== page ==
The Earth is Warming
2009 tied for second hottest year since records began
In the Southern Hemisphere, 2009 was the hottest year on record
Earth has been accumulating heat since the 1970s
Mean surface temperature change between the 1950s and 2000s
Warming in Greenland and Arctic has been amplified as models predict
West Antarctica has been warming
A cold December 2009? Depended on where you live. (°C)
January 2010 hottest January in satellite record
2010 starting off as hottest year on record. Temperatures at 14,000' from satellites. Each line is a different recent year. The top line ending in a small box is 2010. The heavy line is an average for the last 20 years. Make your own chart here.
2009 second hottest year on record in Australia. 2000-2009 hottest decade. Jan. 13, 2010: Melbourne has hottest overnight temperature in 108 years.
February 2009: Australia suffers worst drought in history; massive wildfires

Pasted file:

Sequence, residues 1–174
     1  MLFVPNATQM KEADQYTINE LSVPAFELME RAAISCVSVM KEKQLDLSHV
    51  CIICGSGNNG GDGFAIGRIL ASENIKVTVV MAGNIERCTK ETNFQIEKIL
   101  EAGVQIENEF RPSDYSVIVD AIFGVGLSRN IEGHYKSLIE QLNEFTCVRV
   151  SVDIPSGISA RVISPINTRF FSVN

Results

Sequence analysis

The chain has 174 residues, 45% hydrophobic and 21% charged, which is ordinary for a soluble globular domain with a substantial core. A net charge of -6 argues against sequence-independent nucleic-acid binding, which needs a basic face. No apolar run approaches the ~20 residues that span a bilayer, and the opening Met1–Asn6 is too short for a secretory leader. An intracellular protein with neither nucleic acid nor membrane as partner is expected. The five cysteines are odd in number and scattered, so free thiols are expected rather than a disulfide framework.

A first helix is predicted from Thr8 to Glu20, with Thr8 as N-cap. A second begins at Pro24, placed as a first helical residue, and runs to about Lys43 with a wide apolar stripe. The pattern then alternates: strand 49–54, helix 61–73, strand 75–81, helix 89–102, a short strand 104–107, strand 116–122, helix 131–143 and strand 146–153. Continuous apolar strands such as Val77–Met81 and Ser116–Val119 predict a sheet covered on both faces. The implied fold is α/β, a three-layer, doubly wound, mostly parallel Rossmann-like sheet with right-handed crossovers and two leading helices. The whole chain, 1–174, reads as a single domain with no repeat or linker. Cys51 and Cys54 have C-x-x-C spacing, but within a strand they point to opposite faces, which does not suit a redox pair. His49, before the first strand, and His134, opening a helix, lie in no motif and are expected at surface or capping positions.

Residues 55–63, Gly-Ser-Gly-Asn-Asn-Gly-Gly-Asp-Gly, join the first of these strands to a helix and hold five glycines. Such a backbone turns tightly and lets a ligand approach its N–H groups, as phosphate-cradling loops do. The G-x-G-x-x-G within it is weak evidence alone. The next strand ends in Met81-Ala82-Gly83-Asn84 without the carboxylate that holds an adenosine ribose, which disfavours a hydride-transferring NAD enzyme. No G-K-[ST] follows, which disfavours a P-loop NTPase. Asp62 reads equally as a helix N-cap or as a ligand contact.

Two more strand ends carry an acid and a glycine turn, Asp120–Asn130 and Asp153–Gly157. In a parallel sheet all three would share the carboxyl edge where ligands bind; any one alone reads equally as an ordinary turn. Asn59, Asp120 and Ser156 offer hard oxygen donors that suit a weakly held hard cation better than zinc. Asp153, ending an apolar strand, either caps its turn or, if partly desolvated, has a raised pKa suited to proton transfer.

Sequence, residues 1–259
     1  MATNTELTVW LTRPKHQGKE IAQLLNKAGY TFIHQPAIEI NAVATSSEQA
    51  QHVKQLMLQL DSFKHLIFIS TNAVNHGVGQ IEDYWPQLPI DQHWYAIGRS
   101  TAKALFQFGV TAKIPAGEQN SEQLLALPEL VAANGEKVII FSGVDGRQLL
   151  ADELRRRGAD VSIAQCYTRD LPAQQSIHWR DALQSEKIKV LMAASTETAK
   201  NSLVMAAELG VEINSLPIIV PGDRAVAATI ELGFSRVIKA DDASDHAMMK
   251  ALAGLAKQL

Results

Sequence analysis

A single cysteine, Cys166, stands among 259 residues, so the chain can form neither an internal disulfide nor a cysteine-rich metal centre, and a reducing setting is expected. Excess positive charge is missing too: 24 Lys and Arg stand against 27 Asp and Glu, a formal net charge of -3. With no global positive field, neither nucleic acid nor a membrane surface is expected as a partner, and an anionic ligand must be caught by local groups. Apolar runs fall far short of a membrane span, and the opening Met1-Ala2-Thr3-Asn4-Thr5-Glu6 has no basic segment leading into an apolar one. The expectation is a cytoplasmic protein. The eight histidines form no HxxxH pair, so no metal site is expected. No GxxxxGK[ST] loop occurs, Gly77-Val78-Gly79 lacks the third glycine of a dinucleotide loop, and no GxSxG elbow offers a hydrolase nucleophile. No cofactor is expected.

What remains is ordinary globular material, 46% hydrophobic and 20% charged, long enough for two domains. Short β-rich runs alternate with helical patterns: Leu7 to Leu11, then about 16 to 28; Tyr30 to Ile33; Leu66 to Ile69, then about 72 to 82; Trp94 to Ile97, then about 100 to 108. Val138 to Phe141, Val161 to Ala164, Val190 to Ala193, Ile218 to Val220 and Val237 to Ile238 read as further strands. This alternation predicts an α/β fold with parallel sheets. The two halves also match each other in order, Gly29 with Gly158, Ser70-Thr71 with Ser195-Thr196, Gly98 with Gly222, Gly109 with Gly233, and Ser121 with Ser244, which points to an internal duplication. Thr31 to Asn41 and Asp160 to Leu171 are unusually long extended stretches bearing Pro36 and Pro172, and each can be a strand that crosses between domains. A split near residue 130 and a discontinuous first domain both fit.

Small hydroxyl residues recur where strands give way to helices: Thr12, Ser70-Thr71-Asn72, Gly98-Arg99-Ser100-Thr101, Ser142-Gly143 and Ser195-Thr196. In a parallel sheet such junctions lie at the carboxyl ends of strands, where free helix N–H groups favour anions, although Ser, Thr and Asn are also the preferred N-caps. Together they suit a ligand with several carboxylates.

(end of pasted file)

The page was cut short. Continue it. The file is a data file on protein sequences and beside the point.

Western US Drought Continues, December 29, 2009
Colorado River inflow to Lake Powell lowest on record (2009=95%)
Western snow melting earlier in spring
Western wildfire frequency and spring-summer temperatures since 1970
Greenland ice mass shrinking (Science Magazine; subs. required)
Antarctica losing ice
Mountain glaciers declining worldwide
Grinnell Glacier, Glacier National ParkGlacier NP forecast ice-free by 2030
Retreat of Gangotri Glacier, one of largest in Himalayas, 1780-2001
Arctic sea ice shrinking: Arctic Ocean forecast ice-free by 2030, or sooner
Observed versus modeled Arctic sea ice declineThe IPCC was too conservative.
Arctic air temperature "hockey stick." The Medieval Warm Period and the Little Ice Age show much less change than last 100 years.
Arctic coastline eroding as sea level rises
Arctic river discharge increasing as ice melts
US plant zones shifting north
Increase in number of days between last and first frost, US Northeast, 1901-2001. (Red=more days without frost)
California Lakes Warming
Drought in Middle East
Sea level has been rising and continues to rise
All satellite data and 3-month average
Oceans growing more acidic (more negative pH) between 1700s and 1990s as atmospheric CO2 rises and more dissolves in the oceans
For more evidence and photographs, go to Desdemona Despair. For the best climate blogs, go to Climate Progress, RealClimate and Skeptical Science.